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Burke Works connects teachers with workforce

posted Jun 27, 2017, 1:46 PM by Cheryl Shuffler

 

Burke County Public Schools hosted its first summer internship program for teachers the week of June 12. Called Burke Works, the program targeted Career and Technical Education (CTE) teachers and included tours of local manufacturing companies and discussions with local employers about today’s workforce needs.

For three days, 15 teachers, as well as the career development coordinators from each of the four high schools, loaded a bus in the morning and spent the day seeing for themselves what is manufactured in Burke County. They toured Manufactured Solutions, Continental, Opportunity Threads and Ekornes. They also toured and experienced a hands-on project at Western Piedmont Community College and toured Carolinas HealthCare System Blue Ridge. The program concluded with a round-table discussion with area managers and human resource directors from Kellex and Valdese Weavers as well as a representative from NC Works.

Burke County Public Schools Superintendent Dr. Larry Putnam said, “There are high-paying jobs with great benefits and clean, healthy working environments right here in Burke County, and I am so excited that through Burke Works our teachers got to see that first hand. It is important that our teachers know what is made in Burke County and hear from workers and employers about what skills are needed to fill local jobs. While we are educating future doctors, lawyers and engineers, as a former employee of the furniture industry myself, we need to remember that we also are educating future plant managers, assembly line mechanics and sewing specialists who will work in Burke County and contribute to our local economy.”

The idea for Burke Works developed from Burke Partners in Education meetings, which are held once a month during the school year and involve Burke County Public Schools, the Chamber of Commerce, Burke Development Inc., Western Piedmont Community College, NC Works, Carolinas HealthCare System Blue Ridge and WIOA.

Rexanna Lowman, director of Secondary Education and Career and Technical Education for Burke County Public Schools, said, “Many of our students and principals have had similar opportunities to visit businesses and industries in our community, and we felt it was important that our teachers be exposed to the same experience. I want to thank the Burke Partners in Education committee and especially Burke Development Inc., for making a generous financial donation to Burke Works to help make this idea a reality.”

Burke Development Inc., contributed $1,500 to the program. BDI president and CEO Alan Wood said, “This was a great opportunity for Burke County teachers to learn about our existing industry. The more our teachers can get out into these companies to see and explore them in person, the better prepared they are to share information with students about local job opportunities.”

            Here is what some of the teachers said about Burke Works:

Stephanie Eggers, business teacher, Draughn High School, said, “The CTE Internship Program was packed full of wonderful tours, industry leaders and invaluable time spent with our colleagues. I learned innovative ways industry is using to manufacture their products, the computer technology they require and the type of employee skills they require for employment.”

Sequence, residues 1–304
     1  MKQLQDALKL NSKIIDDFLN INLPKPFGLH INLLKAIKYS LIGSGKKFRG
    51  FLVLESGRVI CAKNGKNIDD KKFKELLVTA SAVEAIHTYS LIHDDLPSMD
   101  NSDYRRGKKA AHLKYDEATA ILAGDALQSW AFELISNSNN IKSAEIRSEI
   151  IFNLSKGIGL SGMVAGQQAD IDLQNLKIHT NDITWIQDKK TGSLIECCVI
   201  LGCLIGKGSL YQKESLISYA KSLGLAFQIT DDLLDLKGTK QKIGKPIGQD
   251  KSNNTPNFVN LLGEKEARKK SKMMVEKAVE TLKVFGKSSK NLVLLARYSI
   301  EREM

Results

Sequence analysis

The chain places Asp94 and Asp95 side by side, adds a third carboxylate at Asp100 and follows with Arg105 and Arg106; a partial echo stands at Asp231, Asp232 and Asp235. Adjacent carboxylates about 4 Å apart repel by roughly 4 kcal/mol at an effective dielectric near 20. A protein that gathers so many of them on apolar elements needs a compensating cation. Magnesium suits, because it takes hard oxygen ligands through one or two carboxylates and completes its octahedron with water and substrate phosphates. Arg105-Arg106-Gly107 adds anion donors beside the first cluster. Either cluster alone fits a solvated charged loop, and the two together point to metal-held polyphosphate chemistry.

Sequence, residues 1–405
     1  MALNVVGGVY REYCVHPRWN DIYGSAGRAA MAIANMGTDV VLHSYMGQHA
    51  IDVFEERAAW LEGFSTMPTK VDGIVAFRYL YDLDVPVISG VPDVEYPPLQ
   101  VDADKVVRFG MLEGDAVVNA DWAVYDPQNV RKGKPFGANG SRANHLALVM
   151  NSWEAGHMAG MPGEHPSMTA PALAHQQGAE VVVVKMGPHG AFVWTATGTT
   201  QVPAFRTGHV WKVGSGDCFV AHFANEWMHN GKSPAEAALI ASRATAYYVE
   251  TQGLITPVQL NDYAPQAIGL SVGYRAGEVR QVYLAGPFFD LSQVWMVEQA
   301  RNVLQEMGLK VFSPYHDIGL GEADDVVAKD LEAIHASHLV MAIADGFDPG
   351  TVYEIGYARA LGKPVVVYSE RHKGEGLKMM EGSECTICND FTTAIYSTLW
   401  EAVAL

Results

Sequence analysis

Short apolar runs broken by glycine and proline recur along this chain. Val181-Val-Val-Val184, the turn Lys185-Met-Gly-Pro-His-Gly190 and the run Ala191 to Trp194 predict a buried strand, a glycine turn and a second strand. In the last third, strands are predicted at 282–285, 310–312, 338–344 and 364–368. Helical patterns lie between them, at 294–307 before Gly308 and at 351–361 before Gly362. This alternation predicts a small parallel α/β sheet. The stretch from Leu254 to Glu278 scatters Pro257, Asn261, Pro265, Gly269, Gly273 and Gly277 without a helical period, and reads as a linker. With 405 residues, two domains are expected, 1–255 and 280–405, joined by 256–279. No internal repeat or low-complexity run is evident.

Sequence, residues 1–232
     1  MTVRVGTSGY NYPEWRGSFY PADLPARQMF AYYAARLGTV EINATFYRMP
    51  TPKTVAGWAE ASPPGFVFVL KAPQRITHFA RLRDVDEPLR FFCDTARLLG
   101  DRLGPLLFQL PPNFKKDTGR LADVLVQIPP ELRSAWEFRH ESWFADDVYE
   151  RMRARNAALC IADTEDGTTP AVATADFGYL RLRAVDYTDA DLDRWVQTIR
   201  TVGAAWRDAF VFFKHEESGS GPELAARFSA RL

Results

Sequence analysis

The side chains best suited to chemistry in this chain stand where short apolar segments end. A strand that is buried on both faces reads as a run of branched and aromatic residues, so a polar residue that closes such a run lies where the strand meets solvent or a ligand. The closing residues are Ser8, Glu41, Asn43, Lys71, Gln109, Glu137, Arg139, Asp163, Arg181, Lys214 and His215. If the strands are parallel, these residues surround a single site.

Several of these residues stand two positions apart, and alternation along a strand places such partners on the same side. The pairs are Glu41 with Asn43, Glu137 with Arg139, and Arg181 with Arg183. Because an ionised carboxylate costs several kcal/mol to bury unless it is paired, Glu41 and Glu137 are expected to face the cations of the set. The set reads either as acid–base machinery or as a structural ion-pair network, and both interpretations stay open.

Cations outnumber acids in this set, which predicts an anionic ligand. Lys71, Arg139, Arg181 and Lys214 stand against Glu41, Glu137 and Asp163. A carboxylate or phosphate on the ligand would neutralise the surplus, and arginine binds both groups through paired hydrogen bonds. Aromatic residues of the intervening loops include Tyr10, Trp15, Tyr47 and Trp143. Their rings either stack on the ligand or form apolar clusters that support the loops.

Kelley Lytle, health science teacher, Draughn High School, said, “I had no idea that several of those businesses even existed in Burke County. Some of the technology we were introduced to was mind boggling. We often hear that there are no jobs in Burke County and that simple isn't the case. However, the main message I took away from our tours was that while the skills we teach our students are extremely important it is just as important that we attempt to teach them to be productive, responsible, and positive members of a team. That's what the employers are looking for.”

Ed Hallyburton, business education teacher, East Burke High School, said, “I really enjoyed learning about SolidWorks and the hands-on project at Western Piedmont. I believe students will really enjoy and benefit from the technology used in the engineering department. The career opportunities available to students and the many exciting technological advancements being made in the area of textile and material development were very interesting. Capping off the week with an HR roundtable conversation discussing the role we as educators play in developing a skilled workforce was very beneficial. I have already begun utilizing the connections that were made.” 

Rosa Padgett, CTE teacher. East Burke High School, said, “It was exciting and amazing to see things going on in our community with technology, business, manufacturing and employment. We live in a great area and thank you to everyone that helped put together such a worthwhile adventure for teachers to explore things that help teachers connect education to the workforce.”

Donna Simmons, CTE teacher, Draughn High Schools, said, “I truly enjoyed the entire week. To see all the different businesses and the help for small businesses and entrepreneurs was nice to see and to know about.”

 


Photo: Burke County Public Schools CTE teachers talk with Molly Hemstreet at Opportunity Threads, a worker owned, cut and sew textile plant in Drexel.

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